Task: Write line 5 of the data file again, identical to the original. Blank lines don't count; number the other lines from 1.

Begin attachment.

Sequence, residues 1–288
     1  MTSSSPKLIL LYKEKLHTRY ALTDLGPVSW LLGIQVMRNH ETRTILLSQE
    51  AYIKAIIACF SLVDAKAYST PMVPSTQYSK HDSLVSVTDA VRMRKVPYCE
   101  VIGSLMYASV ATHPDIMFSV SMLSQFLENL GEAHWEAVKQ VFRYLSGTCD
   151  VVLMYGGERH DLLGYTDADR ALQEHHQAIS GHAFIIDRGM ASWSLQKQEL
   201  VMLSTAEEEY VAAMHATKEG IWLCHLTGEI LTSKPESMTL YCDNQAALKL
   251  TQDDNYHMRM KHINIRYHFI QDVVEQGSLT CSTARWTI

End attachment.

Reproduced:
   151  VVLMYGGERH DLLGYTDADR ALQEHHQAIS GHAFIIDRGM ASWSLQKQEL